As I write this, I am crying.  Usually, I don't mourn the Janey that could have been.  It's a useless thing to do.  That Janey doesn't exist.  I love the Janey I do have.  But somehow, I got a vision of that Janey, what she would look like, talk like, be like.  And it made me heartbroken, for a few minutes, thinking about all she is missing.  She is missing so much of life.  She won't just not go to Latin.  She won't go to college.  She won't get married.  She won't have children.  Her life is not going to have the milestones, the joys, that so many people can take for granted.  And I usually would pipe in here, reminding myself and others that she also won't have some of the heartbreaks life brings, but I don't feel like it, right now.  Those heartbreaks are worth it, for the great joys that the things she will miss can bring.

And why?  That's another thing I don't usually dwell on.  But why is Janey autistic, and severely developmentally delayed?  What happened?  I have no shortage of possible reasons, but that doesn't really help.  Why doesn't she progress in the way that most kids with autism seem to progress?  Why, even in her autism program, does she seem so far behind?  What have I done wrong?  I know the answer is that it's not me, but of course, I ask that anyway, in private.  And I guess here, in public.

Most of the time, I can rejoice in the Janey I do have.  But sometimes, I feel life has been very unfair to her.  Not to me.  To her.  I wish I could say "But she doesn't know any differently!  She's happy as she is!"  But she isn't happy, much of the time.  She's not happy at all so often.  She suffers, emotionally and sometimes physically.  She might not know specifically what she is missing out on, but I think she does see that life is more frustrating to her than it is for many others.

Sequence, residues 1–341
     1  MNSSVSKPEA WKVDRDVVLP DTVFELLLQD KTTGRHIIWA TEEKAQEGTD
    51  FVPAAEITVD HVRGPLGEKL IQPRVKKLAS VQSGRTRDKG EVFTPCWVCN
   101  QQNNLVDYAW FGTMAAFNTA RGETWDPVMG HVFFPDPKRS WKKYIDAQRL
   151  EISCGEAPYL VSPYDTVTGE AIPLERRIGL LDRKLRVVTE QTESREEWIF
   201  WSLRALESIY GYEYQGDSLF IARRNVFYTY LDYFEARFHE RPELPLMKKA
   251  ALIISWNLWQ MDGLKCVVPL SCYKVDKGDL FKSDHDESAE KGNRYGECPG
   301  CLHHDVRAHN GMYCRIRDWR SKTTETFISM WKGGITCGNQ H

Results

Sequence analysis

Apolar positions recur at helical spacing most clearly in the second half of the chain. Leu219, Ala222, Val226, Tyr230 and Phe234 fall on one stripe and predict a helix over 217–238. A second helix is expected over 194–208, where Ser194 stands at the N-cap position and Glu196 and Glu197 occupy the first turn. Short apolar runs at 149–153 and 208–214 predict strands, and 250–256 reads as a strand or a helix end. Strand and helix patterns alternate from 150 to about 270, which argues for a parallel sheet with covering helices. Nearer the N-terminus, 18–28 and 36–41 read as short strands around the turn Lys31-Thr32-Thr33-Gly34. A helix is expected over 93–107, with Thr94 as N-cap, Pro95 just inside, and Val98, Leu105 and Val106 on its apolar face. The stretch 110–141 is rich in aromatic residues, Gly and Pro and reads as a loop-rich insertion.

And now I will bury these thoughts again for a while.  There are some things you can't think about very often.

Tuesday, November 3, 2015

The New Pediatrician...Autism at the Doctor's Office

A few months ago, I made the tough decision to switch Janey to a new pediatrician.  Our old pediatrician had been with us since the day my oldest William was born.  He helped us with William as a little preemie, he guided us through both boys' asthma, and he was at the end of a number of desperate phone calls at various times in my years of raising the kids.  I liked him a lot.  But for a number of reasons, he wasn't the right doctor for Janey.

The most important one was just in terms of ease of transportation.  He was at a clinic in the city, one I couldn't drive to.  It was very easy to get to by public transportation, but with Janey, that's not always practical.  I needed a doctor I could drive Janey to easily, so Tony wouldn't have to miss work.

The other reason, though, is that I never quite felt he felt comfortable with Janey.  I am not faulting him for that, at all.  Janey is tough.  He was professional with her, but I don't feel like he truly got her.  And that's okay.  Not everyone is able to deal well with a child like Janey.  I have realized that over the years.  Some friends fall away when faced with the reality of her.  Others step up to the plate.  To be brutally honest with myself, if I had not been thrust into the world of parenting a child like Janey, I might be one of those who didn't deal well with it.  And so I try to understand that not everyone can.  But after Janey's appendix rupture, I realized it was vitally important for me to have a pediatrician who felt comfortable with her.  Her old doctor had nothing to do with diagnosing (or not) her burst appendix--that was all done at the hospital--but I realized I needed a doctor who felt comfortable enough with Janey to tend very closely to her physical health.